Texas

News, policy discussions, and major events happening in or related to Texas, told from an Austin perspective

Jorge Sanhueza-Lyon/KUT News

From Texas Standard.

During Hurricane Harvey, the Army Corps of Engineers decided to open the floodgates to release water from the Addicks and Barker Reservoirs. Thousands of downstream properties flooded. Now, many of those affected are suing to recoup damages from that flood.

They’re arguing that the government essentially took their property without permission when they released water from the dams.

L.M. Sixel, a business reporter with the Houston Chronicle, says it’s turning into quite the frenzy for lawyers of all stripes.

United States Army/Wikimedia Commons (Public domain)

From Texas Standard.

In 2014, the Obama administration secured the release of Bowe Bergdahl from captivity in Afghanistan by agreeing to release five Taliban prisoners being held at Guantanamo. At first, Bergdahl’s homecoming was celebrated as a hero’s return. What most Americans didn’t know at the time was that, back in 2009, Bergdahl had deserted his post in Afghanistan before he disappeared. He spent five years as a captive of the Taliban.

Martin do Nascimento/KUT News

From Texas Standard.

It’s mid-October and kids in Port Aransas are finally going back to school in their own community. Classrooms have been closed in the Gulf Coast town since Harvey made landfall. Though Port Aransas Independent School District finally opened its doors, not all of the classrooms are quite where they need to be.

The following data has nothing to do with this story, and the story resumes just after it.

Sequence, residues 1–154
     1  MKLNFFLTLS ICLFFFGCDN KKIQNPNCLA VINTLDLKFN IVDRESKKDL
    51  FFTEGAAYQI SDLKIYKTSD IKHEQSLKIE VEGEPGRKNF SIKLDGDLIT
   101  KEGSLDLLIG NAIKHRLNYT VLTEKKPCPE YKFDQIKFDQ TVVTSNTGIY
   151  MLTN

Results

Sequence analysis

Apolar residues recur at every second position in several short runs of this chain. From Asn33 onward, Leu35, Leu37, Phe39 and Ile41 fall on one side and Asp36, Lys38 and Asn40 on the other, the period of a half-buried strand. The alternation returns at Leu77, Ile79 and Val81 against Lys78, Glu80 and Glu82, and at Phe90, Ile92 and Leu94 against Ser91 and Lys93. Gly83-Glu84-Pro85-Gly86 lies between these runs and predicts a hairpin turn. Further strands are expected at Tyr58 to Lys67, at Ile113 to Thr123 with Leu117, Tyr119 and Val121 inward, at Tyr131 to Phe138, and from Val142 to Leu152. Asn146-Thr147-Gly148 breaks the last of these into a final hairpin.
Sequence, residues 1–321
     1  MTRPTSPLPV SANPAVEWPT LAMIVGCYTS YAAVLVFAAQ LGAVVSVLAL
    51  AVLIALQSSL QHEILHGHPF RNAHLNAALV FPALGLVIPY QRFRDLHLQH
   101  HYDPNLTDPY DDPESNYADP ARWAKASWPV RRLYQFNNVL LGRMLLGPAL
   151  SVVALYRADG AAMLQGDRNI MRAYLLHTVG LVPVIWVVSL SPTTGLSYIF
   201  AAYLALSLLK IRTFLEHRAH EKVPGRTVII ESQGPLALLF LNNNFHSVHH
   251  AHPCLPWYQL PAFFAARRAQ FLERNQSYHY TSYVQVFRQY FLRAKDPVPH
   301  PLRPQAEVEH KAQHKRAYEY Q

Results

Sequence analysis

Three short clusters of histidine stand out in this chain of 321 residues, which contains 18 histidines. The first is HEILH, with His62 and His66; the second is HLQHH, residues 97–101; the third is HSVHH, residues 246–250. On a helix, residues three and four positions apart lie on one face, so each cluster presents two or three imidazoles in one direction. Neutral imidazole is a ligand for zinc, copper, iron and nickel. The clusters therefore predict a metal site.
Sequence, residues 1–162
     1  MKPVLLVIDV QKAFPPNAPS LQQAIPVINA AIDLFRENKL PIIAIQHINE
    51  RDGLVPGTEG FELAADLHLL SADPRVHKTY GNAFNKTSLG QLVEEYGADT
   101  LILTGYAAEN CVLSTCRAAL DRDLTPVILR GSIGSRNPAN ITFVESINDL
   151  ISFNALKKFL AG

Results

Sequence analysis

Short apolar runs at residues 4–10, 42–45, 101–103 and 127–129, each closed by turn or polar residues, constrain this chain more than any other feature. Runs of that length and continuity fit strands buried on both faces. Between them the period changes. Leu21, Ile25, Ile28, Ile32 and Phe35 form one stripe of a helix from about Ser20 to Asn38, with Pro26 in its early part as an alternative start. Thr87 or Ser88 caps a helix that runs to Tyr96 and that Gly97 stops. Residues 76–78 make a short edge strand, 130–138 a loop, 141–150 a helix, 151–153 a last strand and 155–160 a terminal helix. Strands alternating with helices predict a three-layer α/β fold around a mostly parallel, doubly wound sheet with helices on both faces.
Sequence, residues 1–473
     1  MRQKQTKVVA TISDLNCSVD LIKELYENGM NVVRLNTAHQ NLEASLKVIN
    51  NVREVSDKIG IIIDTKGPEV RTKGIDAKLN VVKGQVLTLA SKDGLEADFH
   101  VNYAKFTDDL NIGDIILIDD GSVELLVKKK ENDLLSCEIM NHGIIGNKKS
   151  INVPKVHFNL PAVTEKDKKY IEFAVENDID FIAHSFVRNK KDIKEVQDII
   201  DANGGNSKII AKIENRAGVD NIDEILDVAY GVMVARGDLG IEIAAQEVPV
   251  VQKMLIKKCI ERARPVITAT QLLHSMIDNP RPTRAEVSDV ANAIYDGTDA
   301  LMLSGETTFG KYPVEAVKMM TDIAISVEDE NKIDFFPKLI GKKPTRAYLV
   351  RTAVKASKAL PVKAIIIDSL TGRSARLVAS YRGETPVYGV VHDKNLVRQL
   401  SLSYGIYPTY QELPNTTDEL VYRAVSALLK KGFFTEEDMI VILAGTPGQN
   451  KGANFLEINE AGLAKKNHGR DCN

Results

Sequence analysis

Larry D. Moore/Flickr (CC BY-SA 3.0)

From Texas Standard:

While the Trump administration says the "war on coal" is over, market forces are having their say when it comes to the fossil fuel, closing plants in several Texas communities.

Texas' largest generator of coal-powered energy, Luminant, says it is ceasing operations at two plants in the state. The company says Texas' competitive energy market and cheap natural gas  make these older coal-fired plants unprofitable. Another Texas coal operator has already announced plans to close two facilities.

bruthanick/Flickr (CC BY-NC-ND 2.0)

From Texas Standard:

The number of craft breweries in Texas is up 990 percent in the last 12 years, according to CBRE, a real estate services company. Its recent report found a big increase in the demand for commercial real estate for these breweries. Also aiding the trend are changes in Texas law that make it easier for brewers to sell their beer, whether on-site at the brewery, or via other channels.

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